By Jake Cardinal, Local Journalism Initiative Reporter
(ANNews) – On January 5, 2020 the Edmonton Police Service (EPS) began a new initiative: The Human-centred Engagement and Liaison Partnership (HELP) Unit.
This new unit was made in collaboration with EPS and Boyle Street Community Services (BSCS), the latter being the trade name of The Boyle Street Service Society, an Alberta society and a registered charity which helps homeless and at-risk citizens within Edmonton.
“The goal of HELP is to connect people made vulnerable in Edmonton with supports and services before they become entrenched in the criminal justice system,” said BSCS in a Facebook post.
“The HELP unit consists of two leads and eight Boyle Street Navigators and six constables and two sergeants from EPS. Boyle Street navigators work with EPS constables to respond to calls from the community… We are excited to be part of this ground-breaking social policing project.”
HELP focuses on those individuals at greatest risk for victimization and offending, and at greatest risk and harm to themselves, others, and the community as a whole.
Despite launching in January 2021, the HELP unit has been working throughout 2020 by forming teams of Constables and Navigators, as well as, advocating with numerous agencies for their support in the new initiative.
There are over 15 partnering organizations supporting the Unit.
“We feel that the HELP program will lead the way in social policing for the Edmonton Police Service. We will the lead the way through the culture change and the shift in the way we must do business,” said Acting Sgt. Kellie Morgan, from EPS HELP Unit.
“We have given community members a monthly bus pass so they could attend appointments because transportation was their major barrier. Other citizens received assistance completing forms to obtain pension, housing, medical care, or even obtaining identification because they didn’t know who could help them or where to go,” explained Morgan.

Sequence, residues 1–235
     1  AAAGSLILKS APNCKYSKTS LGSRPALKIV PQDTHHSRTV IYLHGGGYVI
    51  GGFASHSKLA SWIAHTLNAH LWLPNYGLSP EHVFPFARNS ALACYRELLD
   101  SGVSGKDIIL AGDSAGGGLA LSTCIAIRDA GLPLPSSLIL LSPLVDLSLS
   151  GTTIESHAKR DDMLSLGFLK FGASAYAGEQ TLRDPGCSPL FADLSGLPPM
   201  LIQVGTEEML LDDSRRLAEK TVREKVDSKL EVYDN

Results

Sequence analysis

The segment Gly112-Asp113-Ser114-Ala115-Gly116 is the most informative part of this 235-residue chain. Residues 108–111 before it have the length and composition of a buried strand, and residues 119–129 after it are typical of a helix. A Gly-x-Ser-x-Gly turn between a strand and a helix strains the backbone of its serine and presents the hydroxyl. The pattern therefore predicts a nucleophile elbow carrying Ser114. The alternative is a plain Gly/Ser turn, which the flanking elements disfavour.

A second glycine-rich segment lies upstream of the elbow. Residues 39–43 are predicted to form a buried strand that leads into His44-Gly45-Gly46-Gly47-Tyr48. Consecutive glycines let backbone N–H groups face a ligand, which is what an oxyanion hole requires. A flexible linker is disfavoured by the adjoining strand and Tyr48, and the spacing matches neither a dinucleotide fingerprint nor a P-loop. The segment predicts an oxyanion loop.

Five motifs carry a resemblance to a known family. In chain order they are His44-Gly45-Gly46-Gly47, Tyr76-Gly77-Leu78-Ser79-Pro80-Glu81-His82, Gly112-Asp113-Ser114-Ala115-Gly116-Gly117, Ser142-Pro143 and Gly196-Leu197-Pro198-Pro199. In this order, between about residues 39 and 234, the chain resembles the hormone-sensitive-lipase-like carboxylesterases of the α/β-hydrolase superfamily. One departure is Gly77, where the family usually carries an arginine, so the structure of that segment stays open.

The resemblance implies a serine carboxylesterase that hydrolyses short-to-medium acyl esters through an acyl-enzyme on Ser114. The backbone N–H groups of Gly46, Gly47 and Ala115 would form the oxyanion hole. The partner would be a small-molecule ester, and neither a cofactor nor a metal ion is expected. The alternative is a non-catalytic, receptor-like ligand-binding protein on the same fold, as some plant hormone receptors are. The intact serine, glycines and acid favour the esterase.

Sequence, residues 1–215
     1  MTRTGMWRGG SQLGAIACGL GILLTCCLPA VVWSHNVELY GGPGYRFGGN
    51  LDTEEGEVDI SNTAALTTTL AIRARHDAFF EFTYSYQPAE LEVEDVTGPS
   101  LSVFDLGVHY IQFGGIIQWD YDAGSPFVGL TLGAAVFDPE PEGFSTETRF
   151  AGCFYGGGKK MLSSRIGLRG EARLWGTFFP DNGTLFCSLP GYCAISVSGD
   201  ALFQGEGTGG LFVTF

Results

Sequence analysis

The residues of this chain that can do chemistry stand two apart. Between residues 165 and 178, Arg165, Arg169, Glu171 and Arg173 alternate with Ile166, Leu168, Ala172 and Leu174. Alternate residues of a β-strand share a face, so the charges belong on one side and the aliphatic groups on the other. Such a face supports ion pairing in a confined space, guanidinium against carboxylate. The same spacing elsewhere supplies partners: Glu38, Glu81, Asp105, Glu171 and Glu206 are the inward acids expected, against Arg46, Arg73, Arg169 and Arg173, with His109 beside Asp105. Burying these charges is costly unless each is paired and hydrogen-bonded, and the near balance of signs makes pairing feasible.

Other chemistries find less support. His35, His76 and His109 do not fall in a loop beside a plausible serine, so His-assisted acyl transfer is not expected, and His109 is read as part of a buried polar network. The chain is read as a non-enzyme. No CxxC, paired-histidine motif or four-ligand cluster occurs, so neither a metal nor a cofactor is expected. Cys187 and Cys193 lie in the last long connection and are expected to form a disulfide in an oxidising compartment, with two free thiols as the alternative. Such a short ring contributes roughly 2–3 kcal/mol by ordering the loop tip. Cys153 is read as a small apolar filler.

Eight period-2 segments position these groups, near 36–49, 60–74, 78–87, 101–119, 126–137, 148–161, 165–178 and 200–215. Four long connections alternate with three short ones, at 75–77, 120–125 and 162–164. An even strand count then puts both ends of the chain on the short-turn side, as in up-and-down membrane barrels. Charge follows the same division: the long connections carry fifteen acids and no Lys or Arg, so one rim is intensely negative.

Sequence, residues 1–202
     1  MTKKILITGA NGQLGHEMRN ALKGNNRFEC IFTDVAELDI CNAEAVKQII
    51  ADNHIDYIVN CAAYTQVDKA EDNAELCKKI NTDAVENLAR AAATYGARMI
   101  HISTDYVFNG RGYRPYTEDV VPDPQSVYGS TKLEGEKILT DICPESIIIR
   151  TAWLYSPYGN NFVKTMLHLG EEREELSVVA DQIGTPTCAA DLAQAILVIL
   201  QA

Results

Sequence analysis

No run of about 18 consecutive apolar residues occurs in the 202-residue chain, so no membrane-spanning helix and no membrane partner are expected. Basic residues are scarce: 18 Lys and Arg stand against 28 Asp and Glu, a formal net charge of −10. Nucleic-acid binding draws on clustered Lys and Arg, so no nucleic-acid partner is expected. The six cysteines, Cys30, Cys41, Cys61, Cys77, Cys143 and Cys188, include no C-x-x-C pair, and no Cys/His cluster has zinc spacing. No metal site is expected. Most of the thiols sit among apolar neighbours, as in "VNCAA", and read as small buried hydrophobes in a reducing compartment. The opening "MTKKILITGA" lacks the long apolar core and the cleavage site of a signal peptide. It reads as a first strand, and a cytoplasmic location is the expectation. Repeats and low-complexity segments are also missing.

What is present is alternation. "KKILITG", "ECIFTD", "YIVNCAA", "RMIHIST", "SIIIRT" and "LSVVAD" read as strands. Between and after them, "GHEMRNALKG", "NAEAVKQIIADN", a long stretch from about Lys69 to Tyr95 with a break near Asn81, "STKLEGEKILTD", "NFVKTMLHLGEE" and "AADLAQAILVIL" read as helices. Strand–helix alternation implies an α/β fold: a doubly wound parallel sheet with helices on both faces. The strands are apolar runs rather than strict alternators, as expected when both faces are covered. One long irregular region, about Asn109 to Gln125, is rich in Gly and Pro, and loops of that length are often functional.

“Then we have the truly heartwarming stories. We’ve helped community members gain keys to their own homes; sometimes it’s the first roof over their head in decades. Others are reconnected with family members across the country and our team assists in getting the community member to their family so they can be surrounded by those who love them and can support them.”
Doug Cooke, Boyle Street Community Services Navigator Manager said, “We kind of cover the gambit — I hope – of some of the ideas and issues that might come along. That we can share the information that we have and be able to support each other, as well as our community.”
“We’re building relationships between social services and the frontline, as well as the frontline and the community members they’re meeting on a daily basis,” said Cooke. “This takes many shapes, like casual conversations, responding in a time of crisis, supporting them in their journey or handing out snacks and water as a simple, yet powerful first step in initiating the building of trust among our vulnerable community members.”
The launch of the HELP Unit comes after the announcement that EPS is looking for new recruits for their new Nîsohkamâkewin Council, which is a revamp of the force’s previous Indigenous Liaison Committee. Set to begin in March 2021, the Council is the “Indigenization of a policing institution,” said EPS Indigenous equity advisor Andrea Levey.
“It’s the reclamation of Indigenous cultures, worldviews (and) perspectives within a colonial institution. It’s the way that we engage with police members as Indigenous peoples. It’s the way that police engage with Indigenous people out in the community.”
Those seeking to volunteer with the council can contact Levey at [email protected] by Jan. 31. Successful candidates will be decided by a panel by mid-February.